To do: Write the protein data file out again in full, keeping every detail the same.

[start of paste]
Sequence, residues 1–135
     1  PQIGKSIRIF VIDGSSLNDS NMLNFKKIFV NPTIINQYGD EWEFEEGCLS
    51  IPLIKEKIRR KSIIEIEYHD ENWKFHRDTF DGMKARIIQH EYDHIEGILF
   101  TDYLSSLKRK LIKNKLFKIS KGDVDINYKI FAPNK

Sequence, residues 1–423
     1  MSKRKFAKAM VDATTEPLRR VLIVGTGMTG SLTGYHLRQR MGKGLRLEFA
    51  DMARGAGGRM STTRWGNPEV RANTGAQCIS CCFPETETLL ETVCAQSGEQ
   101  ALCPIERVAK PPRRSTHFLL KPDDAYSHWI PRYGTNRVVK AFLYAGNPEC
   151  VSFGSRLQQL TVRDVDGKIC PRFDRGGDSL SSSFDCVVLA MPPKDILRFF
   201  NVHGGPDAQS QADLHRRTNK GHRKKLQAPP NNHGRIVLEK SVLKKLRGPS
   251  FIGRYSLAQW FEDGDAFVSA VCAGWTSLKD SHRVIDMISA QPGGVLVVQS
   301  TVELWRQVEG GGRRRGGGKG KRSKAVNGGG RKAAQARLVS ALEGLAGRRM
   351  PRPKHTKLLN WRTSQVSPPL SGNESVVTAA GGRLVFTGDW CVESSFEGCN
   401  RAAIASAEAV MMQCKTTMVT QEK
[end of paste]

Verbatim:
Sequence, residues 1–135
     1  PQIGKSIRIF VIDGSSLNDS NMLNFKKIFV NPTIINQYGD EWEFEEGCLS
    51  IPLIKEKIRR KSIIEIEYHD ENWKFHRDTF DGMKARIIQH EYDHIEGILF
   101  TDYLSSLKRK LIKNKLFKIS KGDVDINYKI FAPNK

Sequence, residues 1–423
     1  MSKRKFAKAM VDATTEPLRR VLIVGTGMTG SLTGYHLRQR MGKGLRLEFA
    51  DMARGAGGRM STTRWGNPEV RANTGAQCIS CCFPETETLL ETVCAQSGEQ
   101  ALCPIERVAK PPRRSTHFLL KPDDAYSHWI PRYGTNRVVK AFLYAGNPEC
   151  VSFGSRLQQL TVRDVDGKIC PRFDRGGDSL SSSFDCVVLA MPPKDILRFF
   201  NVHGGPDAQS QADLHRRTNK GHRKKLQAPP NNHGRIVLEK SVLKKLRGPS
   251  FIGRYSLAQW FEDGDAFVSA VCAGWTSLKD SHRVIDMISA QPGGVLVVQS
   301  TVELWRQVEG GGRRRGGGKG KRSKAVNGGG RKAAQARLVS ALEGLAGRRM
   351  PRPKHTKLLN WRTSQVSPPL SGNESVVTAA GGRLVFTGDW CVESSFEGCN
   401  RAAIASAEAV MMQCKTTMVT QEK